That said, I think vehicle weights and power have everything to do with it, and Im hoping to understand what Im missing?

The above clutches were spec-ed by engineers to provide enough friction and clamping power to propel a heavier car with wider tires, using the same or similar engine power.

From my armchair perspective, if you drop the weight by 50% or so and keep other factors (tire grip, rear gearing, engine power, weight distribution, suspension type, etc,) generally equal, then the total torque the clutches should be able to support should go up by about the same 50%. With that in mind, any of the above clutches should provide more than adequate friction and clamping power, and the lighter clutches provide a benefit of lower rotating mass, and lower polar inertia.

As a thought experiment, if you take a stock 3300 lb camaro and somehow cut 1100lbs out of it to reduce mass by 50%, you should be able to increase engine torque by 50% and the stock clutch will still behave similarly. Similar results if you drop a v8 into an LBC.



Dan B
Dan Blackwood
South Charleston, WV
(906 posts)

Registered:
11/06/2007 01:55PM

Main British Car:
1966 TR4A, 1980 TR7 Multiport EFI MegaSquirt on the TR4A. Lexus V8 pl

authors avatar
Re: Clutch Sizing?
Posted by: Dan B
Date: November 29, 2017 10:51AM

How about looking at other cars with similar weight, power and size, like maybe a Z4 or NSX, then comparing what their factory setup is to the GM stuff. That way you benefit from their engineering.


MGBV8
Carl Floyd
Kingsport, TN
(3235 posts)

Registered:
10/23/2007 11:32PM

Main British Car:
79 MGB, Buick 215

authors avatar
Re: Clutch Sizing?
Posted by: MGBV8
Date: November 29, 2017 11:27AM

As Jim N. mentioned, I did use a S10 pressure plate along with a Mercedes clutch disk.

I originally bought a 10.5" clutch & PP for a Camaro. After having a friend shave some weight for my McCleod steel flywheel, I could not bring myself to bolt on all that unnecessary weight. The TR8 uses a smaller clutch. Since, I have a Buick 215, I did the same. Still getting it done after almost 17 years.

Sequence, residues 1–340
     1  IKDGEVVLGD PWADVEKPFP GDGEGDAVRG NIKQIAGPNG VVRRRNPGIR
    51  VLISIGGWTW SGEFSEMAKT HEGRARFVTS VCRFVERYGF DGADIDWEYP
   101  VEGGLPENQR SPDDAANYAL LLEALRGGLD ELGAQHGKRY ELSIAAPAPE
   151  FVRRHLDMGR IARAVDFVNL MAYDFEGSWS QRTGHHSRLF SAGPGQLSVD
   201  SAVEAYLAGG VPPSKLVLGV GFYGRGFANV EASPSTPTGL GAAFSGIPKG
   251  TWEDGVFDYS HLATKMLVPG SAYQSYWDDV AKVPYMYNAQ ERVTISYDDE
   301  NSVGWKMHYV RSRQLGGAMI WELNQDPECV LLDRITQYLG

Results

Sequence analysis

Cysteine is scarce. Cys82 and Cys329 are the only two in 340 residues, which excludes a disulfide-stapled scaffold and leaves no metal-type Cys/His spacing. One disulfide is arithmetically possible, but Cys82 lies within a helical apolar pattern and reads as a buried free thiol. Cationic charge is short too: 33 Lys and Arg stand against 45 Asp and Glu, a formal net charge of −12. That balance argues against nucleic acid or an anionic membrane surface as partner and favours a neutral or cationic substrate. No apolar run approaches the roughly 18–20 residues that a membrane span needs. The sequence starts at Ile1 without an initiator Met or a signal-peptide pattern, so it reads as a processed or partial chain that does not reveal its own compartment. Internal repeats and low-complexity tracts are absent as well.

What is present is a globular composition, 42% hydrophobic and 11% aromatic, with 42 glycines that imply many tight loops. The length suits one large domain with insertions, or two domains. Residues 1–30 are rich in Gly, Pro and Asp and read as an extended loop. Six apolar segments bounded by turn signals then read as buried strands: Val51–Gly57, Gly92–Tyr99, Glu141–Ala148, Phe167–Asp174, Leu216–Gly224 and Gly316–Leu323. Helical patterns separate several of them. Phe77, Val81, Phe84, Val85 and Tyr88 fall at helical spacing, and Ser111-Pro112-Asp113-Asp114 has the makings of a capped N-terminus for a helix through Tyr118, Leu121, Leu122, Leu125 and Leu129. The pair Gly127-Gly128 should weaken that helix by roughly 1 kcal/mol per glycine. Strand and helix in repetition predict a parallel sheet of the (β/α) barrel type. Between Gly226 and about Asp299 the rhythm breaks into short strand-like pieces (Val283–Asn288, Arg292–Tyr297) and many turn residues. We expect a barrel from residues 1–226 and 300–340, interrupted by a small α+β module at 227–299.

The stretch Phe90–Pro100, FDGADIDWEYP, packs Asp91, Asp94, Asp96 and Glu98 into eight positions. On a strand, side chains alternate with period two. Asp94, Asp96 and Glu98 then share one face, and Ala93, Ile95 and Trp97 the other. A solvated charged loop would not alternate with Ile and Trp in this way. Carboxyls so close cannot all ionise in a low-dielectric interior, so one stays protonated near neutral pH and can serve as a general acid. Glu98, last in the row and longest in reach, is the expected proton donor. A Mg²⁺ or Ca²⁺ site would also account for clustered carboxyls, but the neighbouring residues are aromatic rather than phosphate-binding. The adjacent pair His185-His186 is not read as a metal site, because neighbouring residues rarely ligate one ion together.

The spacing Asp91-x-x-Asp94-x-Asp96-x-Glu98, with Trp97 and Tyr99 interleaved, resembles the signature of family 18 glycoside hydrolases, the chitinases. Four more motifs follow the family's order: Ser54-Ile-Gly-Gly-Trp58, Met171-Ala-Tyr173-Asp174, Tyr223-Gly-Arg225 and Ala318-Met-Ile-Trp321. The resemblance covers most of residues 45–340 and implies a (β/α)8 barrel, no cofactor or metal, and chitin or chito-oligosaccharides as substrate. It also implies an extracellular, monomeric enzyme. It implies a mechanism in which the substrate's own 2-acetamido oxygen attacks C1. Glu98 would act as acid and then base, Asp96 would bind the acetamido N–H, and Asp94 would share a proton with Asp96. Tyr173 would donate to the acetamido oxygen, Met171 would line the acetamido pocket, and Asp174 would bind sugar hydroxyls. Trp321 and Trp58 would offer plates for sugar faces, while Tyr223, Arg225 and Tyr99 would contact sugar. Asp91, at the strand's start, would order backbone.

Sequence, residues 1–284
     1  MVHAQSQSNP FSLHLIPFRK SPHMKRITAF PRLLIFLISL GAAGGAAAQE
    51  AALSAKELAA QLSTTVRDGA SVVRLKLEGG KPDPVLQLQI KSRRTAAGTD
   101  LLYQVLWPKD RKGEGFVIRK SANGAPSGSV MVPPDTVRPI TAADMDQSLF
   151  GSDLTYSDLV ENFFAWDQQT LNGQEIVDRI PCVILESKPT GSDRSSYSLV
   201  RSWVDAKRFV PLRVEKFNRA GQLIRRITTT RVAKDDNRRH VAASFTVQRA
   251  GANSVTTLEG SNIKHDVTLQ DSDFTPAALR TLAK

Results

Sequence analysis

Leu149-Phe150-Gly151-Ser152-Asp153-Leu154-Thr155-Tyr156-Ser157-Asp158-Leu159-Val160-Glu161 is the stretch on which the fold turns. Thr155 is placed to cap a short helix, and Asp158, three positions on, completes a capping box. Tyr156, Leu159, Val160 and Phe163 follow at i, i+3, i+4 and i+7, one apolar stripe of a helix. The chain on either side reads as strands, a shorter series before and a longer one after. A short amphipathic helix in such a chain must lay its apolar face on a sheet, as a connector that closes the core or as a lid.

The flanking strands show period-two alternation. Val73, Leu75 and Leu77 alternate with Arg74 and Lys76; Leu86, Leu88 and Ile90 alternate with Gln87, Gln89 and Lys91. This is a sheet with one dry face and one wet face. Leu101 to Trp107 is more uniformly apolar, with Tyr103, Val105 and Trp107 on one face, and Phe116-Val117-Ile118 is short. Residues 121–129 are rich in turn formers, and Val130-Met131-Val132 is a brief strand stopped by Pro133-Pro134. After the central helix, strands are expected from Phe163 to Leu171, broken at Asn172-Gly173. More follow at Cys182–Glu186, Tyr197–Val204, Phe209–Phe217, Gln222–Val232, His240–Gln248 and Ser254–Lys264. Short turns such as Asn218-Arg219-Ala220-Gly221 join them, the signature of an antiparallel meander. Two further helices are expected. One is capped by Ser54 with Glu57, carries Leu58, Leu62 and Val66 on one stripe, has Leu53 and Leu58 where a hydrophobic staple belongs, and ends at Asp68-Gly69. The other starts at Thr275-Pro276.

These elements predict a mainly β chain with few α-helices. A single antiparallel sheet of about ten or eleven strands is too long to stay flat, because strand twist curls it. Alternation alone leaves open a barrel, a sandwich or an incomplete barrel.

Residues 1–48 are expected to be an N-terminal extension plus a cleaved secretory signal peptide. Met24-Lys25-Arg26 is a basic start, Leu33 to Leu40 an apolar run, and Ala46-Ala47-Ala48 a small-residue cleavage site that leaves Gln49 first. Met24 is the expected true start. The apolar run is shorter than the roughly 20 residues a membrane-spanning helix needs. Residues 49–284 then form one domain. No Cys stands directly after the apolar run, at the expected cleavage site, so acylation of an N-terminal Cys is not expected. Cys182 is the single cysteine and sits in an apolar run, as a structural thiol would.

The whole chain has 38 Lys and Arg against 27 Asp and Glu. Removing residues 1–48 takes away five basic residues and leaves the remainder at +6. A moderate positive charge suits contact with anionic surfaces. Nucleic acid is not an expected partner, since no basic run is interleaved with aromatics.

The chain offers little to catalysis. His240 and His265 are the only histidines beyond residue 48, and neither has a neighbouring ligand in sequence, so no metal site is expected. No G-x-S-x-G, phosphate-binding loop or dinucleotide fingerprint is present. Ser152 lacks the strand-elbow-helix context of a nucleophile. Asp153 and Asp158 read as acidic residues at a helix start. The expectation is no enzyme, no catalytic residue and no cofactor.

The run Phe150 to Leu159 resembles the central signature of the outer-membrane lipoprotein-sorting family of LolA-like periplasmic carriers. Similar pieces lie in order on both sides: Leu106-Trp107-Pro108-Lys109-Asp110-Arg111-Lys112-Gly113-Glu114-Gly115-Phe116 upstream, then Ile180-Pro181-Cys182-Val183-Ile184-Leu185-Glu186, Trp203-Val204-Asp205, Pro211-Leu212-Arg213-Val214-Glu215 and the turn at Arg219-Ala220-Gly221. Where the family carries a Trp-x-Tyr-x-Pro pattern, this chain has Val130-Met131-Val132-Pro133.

tr8todd
Todd Kishbach

(329 posts)

Registered:
12/04/2009 07:42AM

Main British Car:


Re: Clutch Sizing?
Posted by: tr8todd
Date: November 29, 2017 03:05PM

Work is work. Doesn't matter if the engine is pushing a small car fast or a large car less fast. The amount of work is the same. Larger clutches will last longer, be easier to slip and get the car rolling in first gear without producing excess heat, and will clamp better when work is being done. Race car, small is good. Street car, bigger is good.


RDMG
D R

(64 posts)

Registered:
04/07/2016 08:29PM

Main British Car:
MGB Still Stock (temporarily)

Re: Clutch Sizing?
Posted by: RDMG
Date: November 29, 2017 08:41PM

Dan B, excellent idea! I found these clutch specs for a BMW Z4 and a TVR Griffith:

BMW Z4 s35i, turbo 3.0L engine, 295lbft engine in 3200lbs car, 9 7/16 clutch, 26 splines (pricey)

TVR Griffith 450/500, lots of RV8 torque in a 2300lb car, 9.5 dia, 23 splines. (Details from TVR Parts Ltd website).

Given the similarity of mechanicals and weight in the TVR, Im impressed that it has a 9.5 clutch. Probably was engineered for the 4.0L version, then the engine grew around it. Given Jim B and Todd Ks observations above, I wonder how quickly it burned up in the 5.0L version.

I found this centerforce doc that collects clutch bolt patterns for several automakers, I thought it might be useful to have on reference:

[webinjected.blob.core.windows.net]

Im thinking an uprated 9.75 clutch may be in my future. Maybe a 10.5 after that! Many thanks to all for the input.



Edited 1 time(s). Last edit at 11/29/2017 08:59PM by RDMG.


88v8
Ivor Duarte
Gloucestershire UK
(521 posts)

Registered:
02/11/2010 04:29AM

Main British Car:
1974 Land Rover Lightweight V8

Re: Clutch Sizing?
Posted by: 88v8
Date: November 30, 2017 05:14AM

My TR6 had a TR4 clutch. Light, could push it out by hand, but less long-lived. However, it was very nice to drive, light.

Ran a Renault 5 GT Turbo for several years in the 80s, that clutch was heavy. In traffic it was a real pain. At the end of the day, you have to enjoy driving the car or it's all a waste of time.